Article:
When it comes to digging post holes, the safest and easiest way to do so is to use a PTO-driven post hole digger. Like all equipment and machinery, it is important to always follow the proper rules and procedures to get the job done without any accidents, mishaps, or injuries.
Safety and Prep
The first step is to always reference the operator’s manual to understand all safety and operating instructions before using the equipment. Always remember the recommended personal protective equipment when operating a post hole auger. This includes tight-fitting clothing, protective eyewear, hearing protection, gloves, and appropriate footwear, such as steel-toe boots.
Once you feel comfortable with the information in the operator’s manual, and before you dig, you will need to call the Common Ground Alliance, or CGA, to have your underground utilities lines marked. You will need to first mark the area that you intend to dig, so the CGA knows where to target their attention when they are marking the utilities for you. You can reach the CGA by dialing 811.
After you know for absolute sure that the area is determined safe for digging, examine the area to decide and mark where the holes will go. Make sure you are careful when marking the placement of the holes to be precise on the locations.
It is also important to be knowledgeable of the area and the type of soil you will be digging and working with. Georgia’s famous red clay is hard, sticky, and tricky to work with. Your auger teeth need to be sharp! A PTO-driven auger should power right through it, but if it’s been a dry winter and the clay is too hard to dig, water will help soften it.
When your placement for holes are correctly marked and you are ready to begin digging post holes, maneuver your tractor, with the post hole digger and auger attached, over the first hole location. To work properly, the auger needs to be in vertical position. Raise the auger point off of the ground using your three point hitch, and turn the leveling crank on the lift link located on the tractor until the auger reaches a vertical position.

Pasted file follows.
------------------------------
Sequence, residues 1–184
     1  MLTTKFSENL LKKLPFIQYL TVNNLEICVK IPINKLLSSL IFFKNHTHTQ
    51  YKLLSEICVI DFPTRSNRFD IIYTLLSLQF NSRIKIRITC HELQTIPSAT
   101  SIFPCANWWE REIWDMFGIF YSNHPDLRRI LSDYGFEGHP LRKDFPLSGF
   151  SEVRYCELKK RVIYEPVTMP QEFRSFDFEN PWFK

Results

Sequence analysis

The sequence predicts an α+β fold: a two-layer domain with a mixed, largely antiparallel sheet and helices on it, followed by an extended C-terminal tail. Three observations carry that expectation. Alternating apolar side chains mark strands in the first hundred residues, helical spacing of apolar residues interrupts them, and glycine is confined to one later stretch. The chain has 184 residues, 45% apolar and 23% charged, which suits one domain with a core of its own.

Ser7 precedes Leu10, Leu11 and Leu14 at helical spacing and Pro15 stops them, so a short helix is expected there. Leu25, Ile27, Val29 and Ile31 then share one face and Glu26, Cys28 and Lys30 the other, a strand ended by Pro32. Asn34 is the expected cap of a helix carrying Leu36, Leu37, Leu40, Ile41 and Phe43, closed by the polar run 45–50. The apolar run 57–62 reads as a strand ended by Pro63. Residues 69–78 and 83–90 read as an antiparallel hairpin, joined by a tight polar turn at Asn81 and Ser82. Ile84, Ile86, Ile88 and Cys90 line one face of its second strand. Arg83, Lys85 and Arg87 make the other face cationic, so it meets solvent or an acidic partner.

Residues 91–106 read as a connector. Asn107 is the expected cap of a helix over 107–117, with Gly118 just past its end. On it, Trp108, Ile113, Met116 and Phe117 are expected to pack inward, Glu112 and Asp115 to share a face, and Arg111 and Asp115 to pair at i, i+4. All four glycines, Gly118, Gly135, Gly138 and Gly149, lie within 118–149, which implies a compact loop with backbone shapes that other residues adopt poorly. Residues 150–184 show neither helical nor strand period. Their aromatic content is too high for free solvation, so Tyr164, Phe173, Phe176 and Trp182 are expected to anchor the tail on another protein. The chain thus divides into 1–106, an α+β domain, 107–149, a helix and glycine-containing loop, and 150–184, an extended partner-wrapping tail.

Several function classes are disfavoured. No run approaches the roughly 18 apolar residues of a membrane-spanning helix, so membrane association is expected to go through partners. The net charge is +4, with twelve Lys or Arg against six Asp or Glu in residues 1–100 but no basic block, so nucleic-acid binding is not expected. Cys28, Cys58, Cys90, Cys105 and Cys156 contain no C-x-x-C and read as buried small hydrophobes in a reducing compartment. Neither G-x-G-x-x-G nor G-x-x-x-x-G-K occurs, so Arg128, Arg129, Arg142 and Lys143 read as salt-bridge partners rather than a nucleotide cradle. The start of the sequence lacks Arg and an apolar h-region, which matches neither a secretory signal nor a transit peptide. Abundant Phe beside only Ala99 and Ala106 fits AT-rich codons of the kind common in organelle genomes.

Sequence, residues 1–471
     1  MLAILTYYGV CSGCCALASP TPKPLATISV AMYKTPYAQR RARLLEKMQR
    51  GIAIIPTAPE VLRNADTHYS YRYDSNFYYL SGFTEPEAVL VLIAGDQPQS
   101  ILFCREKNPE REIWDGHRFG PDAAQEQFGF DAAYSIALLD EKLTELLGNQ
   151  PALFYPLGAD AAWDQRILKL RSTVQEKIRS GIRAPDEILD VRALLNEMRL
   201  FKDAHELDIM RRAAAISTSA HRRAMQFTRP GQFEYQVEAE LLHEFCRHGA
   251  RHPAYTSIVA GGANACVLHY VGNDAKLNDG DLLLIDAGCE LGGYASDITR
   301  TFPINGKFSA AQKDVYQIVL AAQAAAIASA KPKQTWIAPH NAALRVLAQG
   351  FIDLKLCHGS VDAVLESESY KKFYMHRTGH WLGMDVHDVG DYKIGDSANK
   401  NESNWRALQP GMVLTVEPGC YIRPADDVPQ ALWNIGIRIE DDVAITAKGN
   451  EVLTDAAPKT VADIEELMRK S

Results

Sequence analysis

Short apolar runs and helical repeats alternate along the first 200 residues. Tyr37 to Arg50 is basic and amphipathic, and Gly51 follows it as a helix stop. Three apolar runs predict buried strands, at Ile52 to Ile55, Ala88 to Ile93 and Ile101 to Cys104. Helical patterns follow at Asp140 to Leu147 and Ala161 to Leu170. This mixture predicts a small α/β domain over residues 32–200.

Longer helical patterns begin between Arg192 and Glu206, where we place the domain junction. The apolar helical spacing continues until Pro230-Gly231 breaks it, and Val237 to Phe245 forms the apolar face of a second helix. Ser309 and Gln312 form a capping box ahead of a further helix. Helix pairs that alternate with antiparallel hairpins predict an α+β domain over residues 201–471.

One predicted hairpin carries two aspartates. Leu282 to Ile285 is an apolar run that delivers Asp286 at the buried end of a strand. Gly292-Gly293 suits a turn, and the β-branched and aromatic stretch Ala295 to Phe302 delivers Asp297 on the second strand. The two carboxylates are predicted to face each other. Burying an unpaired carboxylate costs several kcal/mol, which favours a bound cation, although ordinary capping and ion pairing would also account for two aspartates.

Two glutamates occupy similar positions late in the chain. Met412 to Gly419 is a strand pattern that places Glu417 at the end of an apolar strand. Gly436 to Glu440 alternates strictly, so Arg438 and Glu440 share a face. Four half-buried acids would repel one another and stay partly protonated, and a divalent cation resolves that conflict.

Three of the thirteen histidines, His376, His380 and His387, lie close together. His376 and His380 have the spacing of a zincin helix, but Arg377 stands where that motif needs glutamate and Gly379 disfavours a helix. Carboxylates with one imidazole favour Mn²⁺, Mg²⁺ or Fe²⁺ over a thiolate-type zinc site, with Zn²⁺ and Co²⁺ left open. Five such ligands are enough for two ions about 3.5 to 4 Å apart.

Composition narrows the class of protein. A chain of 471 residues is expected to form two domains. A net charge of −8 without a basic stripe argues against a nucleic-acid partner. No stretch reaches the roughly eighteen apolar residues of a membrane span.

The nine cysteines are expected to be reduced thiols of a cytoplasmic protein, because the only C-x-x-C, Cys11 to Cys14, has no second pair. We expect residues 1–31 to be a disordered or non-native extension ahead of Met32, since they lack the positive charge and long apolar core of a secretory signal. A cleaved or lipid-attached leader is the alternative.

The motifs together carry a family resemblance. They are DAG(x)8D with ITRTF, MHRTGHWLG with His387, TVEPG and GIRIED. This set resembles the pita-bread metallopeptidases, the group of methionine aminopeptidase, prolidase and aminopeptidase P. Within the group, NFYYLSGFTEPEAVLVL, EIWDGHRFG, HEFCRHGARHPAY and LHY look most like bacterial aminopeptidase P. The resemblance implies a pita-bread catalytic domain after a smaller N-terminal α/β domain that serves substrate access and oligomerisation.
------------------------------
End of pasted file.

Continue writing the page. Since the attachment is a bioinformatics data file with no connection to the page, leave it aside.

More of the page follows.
Gradually lower the auger until its point makes contact with the ground. There are some post hole diggers that feature a handle attachment for positioning that will allow you to maneuver the tip of the auger from the seat of the tractor. Cautiously move the tractor forward or backward as necessary until the auger is vertical to the ground.
Once the auger point has been lowered to the ground, set the engine speed to idle and engage the PTO. Raise the PTO speed as needed to make the auger pierce the ground. The maximum speed is 540 rpm.
As the auger penetrates into the ground, and dirt starts to come up out of the hole, continue to drill downwards while lowering the three point hitch. Slowly dig down several inches at a time, then lift the auger to release excess soil. Repeat as many times as needed to reach the depth you want. Pay attention to the position of the auger, you may need to move the tractor forward to make sure your hole continues to dig straight up and down. If you hit a root, you may need to reverse the direction of the auger to break free.
After the hole has been dug to the desired depth, raise and lower the auger while it is still in the hole to remove any loose dirt that may still be inside. When that’s done, extract the auger from the hole, disengage the PTO, and continue on to the next marked hole location.
Just tooling around
Anytime you transport a post hole digger, before the job and after the holes are dug and the job is complete, make certain the auger is fully raised and watch for any obstructions or obstacles that could potentially collide with the auger. This will help avoid any damage to your equipment. It wouldn’t do to run your auger into a tree while moving it from hole location to hole location!
When the job is done clean your equipment thoroughly and inspect for damage. Sharpen, turn, and replace a damaged blades before the next time you need to use the auger.